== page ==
US Federal Judge: AI-Generated Art Not Protected under U.S. Copyright Law

The implications of this ruling are vast for both artists and developers.

Showcase of Art created with Midjourney (Image: Midjourney)

Artworks produced by such as MidJourney, Dall-E or Bing Image Creator are not eligible for copyright protection, according to a recent ruling by the U.S. District Court for the District of Columbia.

The contentious debate over whether AI-generated creations qualify for copyright protection has reached a pivotal moment as the U.S. Copyright Office and the U.S. District Court for the District of Columbia have now decided on the matter. The United States Copyright Office had previously emphasized that only works created by humans can be copyrighted.

AI does not have legal personhood

In the memorandum opinion by Judge Beryl A. Howell, it was stated that “AI machines do not have legal personhood, nor can they have the necessary intent to create something original.” The Court further elaborated, explaining that “while the question of AI's capacity to create original work is intriguing, it does not alter the requirement for an identifiable human author.”

Implications for artists and developers

The implications of this ruling are vast for both artists and developers. With AI becoming an ever-growing presence in various artistic domains, this decision delineates clear boundaries regarding rights and ownership. Developers might feel hesitant to share AI-generated art with a broader audience, fearing unregulated reproductions.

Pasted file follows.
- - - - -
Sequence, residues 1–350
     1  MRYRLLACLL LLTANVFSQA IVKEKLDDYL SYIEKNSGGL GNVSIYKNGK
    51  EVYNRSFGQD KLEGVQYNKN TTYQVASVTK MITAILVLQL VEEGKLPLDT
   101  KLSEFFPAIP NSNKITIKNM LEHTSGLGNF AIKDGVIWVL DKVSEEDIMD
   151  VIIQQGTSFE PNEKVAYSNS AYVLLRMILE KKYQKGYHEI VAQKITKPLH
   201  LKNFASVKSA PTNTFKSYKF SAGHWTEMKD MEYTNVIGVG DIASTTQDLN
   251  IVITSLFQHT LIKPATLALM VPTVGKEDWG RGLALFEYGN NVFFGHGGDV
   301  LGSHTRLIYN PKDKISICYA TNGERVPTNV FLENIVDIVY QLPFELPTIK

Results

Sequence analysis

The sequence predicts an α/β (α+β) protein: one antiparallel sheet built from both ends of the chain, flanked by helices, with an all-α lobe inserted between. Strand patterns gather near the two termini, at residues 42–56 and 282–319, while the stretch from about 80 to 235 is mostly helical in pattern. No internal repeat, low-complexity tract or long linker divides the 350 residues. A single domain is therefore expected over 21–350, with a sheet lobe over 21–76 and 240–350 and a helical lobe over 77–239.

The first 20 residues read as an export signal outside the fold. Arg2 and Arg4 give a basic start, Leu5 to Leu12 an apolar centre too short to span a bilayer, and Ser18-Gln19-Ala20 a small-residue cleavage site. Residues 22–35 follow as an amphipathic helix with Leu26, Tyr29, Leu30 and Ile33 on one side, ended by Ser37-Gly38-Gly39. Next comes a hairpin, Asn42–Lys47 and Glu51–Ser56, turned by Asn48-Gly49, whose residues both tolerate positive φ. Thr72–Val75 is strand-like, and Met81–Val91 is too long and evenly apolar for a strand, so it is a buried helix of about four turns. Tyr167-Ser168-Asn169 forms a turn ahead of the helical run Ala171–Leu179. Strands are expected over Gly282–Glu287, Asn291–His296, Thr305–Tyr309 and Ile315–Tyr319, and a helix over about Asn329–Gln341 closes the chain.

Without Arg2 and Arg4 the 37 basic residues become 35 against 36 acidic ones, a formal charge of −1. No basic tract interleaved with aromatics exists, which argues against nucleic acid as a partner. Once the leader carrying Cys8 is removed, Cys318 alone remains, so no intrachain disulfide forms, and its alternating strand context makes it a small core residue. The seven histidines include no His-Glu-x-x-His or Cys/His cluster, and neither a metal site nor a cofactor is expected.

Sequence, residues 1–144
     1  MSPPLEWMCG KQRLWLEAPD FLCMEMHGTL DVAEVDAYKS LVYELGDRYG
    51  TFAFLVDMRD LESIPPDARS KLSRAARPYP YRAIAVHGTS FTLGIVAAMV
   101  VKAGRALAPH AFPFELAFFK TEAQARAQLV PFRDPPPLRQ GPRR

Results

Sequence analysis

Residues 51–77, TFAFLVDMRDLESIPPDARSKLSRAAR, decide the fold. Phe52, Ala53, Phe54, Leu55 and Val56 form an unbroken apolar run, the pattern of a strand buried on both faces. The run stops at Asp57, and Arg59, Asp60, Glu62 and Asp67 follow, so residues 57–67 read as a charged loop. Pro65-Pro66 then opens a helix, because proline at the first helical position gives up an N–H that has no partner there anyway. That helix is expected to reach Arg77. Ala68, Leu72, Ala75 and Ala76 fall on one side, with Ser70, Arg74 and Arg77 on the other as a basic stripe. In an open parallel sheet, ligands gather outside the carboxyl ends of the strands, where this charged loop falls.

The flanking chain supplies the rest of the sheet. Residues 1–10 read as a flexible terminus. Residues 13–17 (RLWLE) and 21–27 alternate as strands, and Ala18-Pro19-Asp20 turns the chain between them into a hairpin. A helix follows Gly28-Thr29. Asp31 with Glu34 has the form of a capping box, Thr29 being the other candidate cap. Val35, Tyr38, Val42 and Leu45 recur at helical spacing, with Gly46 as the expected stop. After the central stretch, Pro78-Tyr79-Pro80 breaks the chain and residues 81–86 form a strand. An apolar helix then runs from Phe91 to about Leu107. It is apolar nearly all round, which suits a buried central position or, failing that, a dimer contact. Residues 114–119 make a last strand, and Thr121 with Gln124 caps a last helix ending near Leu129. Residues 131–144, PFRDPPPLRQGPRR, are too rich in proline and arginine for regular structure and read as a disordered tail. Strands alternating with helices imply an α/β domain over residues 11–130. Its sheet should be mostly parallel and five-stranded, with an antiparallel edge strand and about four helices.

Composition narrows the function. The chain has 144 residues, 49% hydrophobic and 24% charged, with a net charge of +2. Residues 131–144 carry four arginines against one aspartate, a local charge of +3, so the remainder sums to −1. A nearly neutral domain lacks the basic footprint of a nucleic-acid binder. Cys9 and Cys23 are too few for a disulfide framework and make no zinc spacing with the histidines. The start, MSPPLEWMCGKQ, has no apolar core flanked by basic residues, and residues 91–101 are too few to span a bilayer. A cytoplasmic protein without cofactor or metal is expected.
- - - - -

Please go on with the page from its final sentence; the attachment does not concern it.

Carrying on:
Backdrop of the case

The case that precipitated this judgment, as outlined in the memorandum opinion, revolved around the plaintiff, Stephen Thaler, who sought to copyright an image produced by an “AI machine”. Thaler argued that the AI had created the artwork autonomously without human intervention. However, Judge Howell's opinion iterated, “The Copyright Act‘s recognition of an ‘author' contemplates a human author.”

Image Generative AI: A Competitive Market

with it´s DALL-E image creator is competing with several companies in the field of image generative AI. Several companies and organizations have been developing and improving their own AI image generators, using different techniques and datasets.

  • NVIDIA has been advancing the state-of-the-art in generative AI research, with new methods to enhance the realism and quality of AI-generated images.
  • , the research organization behind , has also introduced ShapE, a generative model that can create 3D models from text, opening up new possibilities for AI in image creation.
  • Stability AI, a startup that focuses on generative AI, has released StableStudio, an open-source web app that uses its Stable Diffusion model to generate images from text prompts. Users can also use DreamStudio features to make multiple variations of an image with different styles and attributes.
  • Meta, the company formerly known as Facebook, has unveiled I-JEPA, its own AI image generator based on its generative transformer model. I-JEPA can learn the associations between words and images, and generate realistic images from text descriptions.
  • Alibaba, the Chinese e-commerce giant, has launched Tongyi Wanxiang, a generative AI image generator that can handle both Chinese and English languages. Users can customize the image output parameters using Composer, a large model developed by Alibaba Cloud.